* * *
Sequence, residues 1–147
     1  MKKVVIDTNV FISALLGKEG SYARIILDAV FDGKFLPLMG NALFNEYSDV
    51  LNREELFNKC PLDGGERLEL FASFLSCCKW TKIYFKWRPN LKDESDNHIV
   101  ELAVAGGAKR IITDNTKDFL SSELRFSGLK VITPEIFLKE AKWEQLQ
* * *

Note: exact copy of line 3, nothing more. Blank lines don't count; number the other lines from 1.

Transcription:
    51  LNREELFNKC PLDGGERLEL FASFLSCCKW TKIYFKWRPN LKDESDNHIV